David Muhlbaum: Smart Tax Deductions Non-Itemizers Can Claim

Jill Weisenberger, M.S., R.D.N., C.D.E : Before You Lose Your Mental Edge

Dana Dovey: Coffee Drinkers Rejoice! Your Cup Of Joe Can Prevent Death From Liver Disease

Chris Weller: Electric 'Thinking Cap' Puts Your Brain Power Into High Gear

The Kosher Gourmet by Marlene Parrish A gift of hazelnuts keeps giving --- for a variety of nutty recipes: Entree, side, soup, dessert

April 4, 2014

Rabbi David Gutterman: The Word for Nothing Means Everything

Charles Krauthammer: Kerry's folly, Chapter 3

Amy Peterson: A life of love: How to build lasting relationships with your children

John Ericson: Older Women: Save Your Heart, Prevent Stroke Don't Drink Diet

John Ericson: Why 50 million Americans will still have spring allergies after taking meds

Cameron Huddleston: Best and Worst Buys of April 2014

Stacy Rapacon: Great Mutual Funds for Young Investors

Sarah Boesveld: Teacher keeps promise to mail thousands of former students letters written by their past selves

The Kosher Gourmet by Sharon Thompson Anyone can make a salad, you say. But can they make a great salad? (SECRETS, TESTED TECHNIQUES + 4 RECIPES, INCLUDING DRESSINGS)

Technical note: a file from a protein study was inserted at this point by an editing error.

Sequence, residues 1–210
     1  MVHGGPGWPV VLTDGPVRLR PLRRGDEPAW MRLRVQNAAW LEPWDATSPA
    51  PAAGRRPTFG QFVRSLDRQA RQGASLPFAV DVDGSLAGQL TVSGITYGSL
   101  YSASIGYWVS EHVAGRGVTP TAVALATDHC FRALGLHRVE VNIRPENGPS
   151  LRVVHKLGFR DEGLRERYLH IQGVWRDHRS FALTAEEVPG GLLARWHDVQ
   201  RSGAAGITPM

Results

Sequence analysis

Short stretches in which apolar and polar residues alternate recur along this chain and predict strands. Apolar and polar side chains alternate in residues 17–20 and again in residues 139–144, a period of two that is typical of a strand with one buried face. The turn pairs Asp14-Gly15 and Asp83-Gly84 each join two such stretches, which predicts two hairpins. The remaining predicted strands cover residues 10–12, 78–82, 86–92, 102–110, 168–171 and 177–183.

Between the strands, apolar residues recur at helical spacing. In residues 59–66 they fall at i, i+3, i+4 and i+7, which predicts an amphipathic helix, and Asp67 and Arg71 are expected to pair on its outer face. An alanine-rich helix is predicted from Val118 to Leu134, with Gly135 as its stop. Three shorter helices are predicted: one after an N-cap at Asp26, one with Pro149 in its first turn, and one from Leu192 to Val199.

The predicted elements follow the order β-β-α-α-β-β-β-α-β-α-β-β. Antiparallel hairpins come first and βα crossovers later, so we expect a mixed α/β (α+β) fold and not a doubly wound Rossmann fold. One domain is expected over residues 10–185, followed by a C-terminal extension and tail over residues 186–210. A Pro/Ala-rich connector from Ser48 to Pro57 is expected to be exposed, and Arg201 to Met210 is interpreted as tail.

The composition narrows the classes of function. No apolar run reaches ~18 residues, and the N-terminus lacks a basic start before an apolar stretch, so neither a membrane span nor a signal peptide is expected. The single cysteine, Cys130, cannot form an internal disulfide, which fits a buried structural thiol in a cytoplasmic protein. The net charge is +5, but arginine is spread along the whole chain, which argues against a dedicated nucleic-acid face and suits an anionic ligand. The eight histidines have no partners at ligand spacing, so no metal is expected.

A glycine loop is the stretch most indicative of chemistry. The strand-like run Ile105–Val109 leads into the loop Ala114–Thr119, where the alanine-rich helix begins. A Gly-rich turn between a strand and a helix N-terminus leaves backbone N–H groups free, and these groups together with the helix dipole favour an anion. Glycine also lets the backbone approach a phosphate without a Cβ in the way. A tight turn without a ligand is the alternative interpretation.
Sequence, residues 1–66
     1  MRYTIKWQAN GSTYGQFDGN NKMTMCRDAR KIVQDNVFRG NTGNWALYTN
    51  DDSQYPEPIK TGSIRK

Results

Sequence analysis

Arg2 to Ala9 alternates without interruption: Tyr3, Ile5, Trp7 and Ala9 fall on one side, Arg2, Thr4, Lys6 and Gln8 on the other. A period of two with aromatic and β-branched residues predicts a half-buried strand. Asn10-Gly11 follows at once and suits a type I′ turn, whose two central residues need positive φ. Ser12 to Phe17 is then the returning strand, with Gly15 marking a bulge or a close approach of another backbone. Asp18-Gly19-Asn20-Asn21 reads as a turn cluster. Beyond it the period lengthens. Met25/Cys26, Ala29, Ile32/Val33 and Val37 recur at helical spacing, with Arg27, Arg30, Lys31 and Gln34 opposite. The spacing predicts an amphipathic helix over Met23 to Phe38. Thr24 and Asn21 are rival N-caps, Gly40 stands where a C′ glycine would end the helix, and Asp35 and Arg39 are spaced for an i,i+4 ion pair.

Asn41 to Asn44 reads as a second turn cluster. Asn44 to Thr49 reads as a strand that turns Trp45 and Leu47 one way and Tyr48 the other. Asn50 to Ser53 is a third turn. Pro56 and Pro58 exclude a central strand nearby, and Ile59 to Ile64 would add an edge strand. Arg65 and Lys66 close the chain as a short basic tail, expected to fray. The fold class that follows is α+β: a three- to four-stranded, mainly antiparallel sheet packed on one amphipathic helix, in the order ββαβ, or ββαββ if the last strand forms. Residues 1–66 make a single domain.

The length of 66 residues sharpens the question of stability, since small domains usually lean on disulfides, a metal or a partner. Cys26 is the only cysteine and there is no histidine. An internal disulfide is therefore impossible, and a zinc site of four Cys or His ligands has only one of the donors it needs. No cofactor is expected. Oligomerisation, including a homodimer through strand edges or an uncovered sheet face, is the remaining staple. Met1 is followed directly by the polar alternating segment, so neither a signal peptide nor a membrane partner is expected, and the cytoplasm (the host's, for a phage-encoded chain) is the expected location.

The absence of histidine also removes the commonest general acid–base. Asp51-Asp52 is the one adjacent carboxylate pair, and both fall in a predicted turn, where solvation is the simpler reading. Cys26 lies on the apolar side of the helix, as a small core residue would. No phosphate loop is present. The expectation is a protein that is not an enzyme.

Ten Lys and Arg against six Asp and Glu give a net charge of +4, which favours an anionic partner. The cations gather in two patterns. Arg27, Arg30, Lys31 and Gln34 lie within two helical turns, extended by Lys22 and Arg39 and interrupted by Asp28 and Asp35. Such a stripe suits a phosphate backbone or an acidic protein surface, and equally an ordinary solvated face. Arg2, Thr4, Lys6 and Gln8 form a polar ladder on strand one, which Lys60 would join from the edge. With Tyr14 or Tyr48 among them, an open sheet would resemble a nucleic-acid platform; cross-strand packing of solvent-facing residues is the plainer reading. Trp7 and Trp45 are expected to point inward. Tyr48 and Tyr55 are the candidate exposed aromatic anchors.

April 2, 2014

Paul Greenberg: Death and joy in the spring

Dan Barry: Should South Carolina Jews be forced to maintain this chimney built by Germans serving the Nazis?

Mayra Bitsko: Save me! An alien took over my child's personality

Frank Clayton: Get happy: 20 scientifically proven happiness activities

Susan Scutti: It's Genetic! Obesity and the 'Carb Breakdown' Gene

Lecia Bushak: Why Hand Sanitizer May Actually Harm Your Health

Stacy Rapacon: Great Funds You Can Own for $500 or Less

Cameron Huddleston: 7 Ways to Save on Home Decor

The Kosher Gourmet by Steve Petusevsky Exploring ingredients as edible-stuffed containers (TWO RECIPES + TIPS & TECHINQUES)

Jewish World Review Sept. 9, 2011 / 10 Elul, 5771

Did Rick Perry Blow It on Social Security?

By Mona Charen




http://www.JewishWorldReview.com | There is a brand of Republican who looks at President Obama's vulnerability on the economy and says "go for it." They argue that the overriding issue of the campaign should be jobs — and that everything else should be a distant second.

There is another kind of Republican who sees the 2012 election as a tipping point for the nation — a do or die moment when we will either pull back from the precipice of debt and national decline or fall off the edge. This second brand of Republican is hoping that a candidate will emerge who can lay before the American people the nature of the challenge we face in a direct and forthright way. If a campaign is run and won on the need to reform our obese government, the new president will have a mandate to take the necessary steps, once in office.

After Wednesday's Republican debate, it seems that Romney represents the first group, and Perry stands for the second.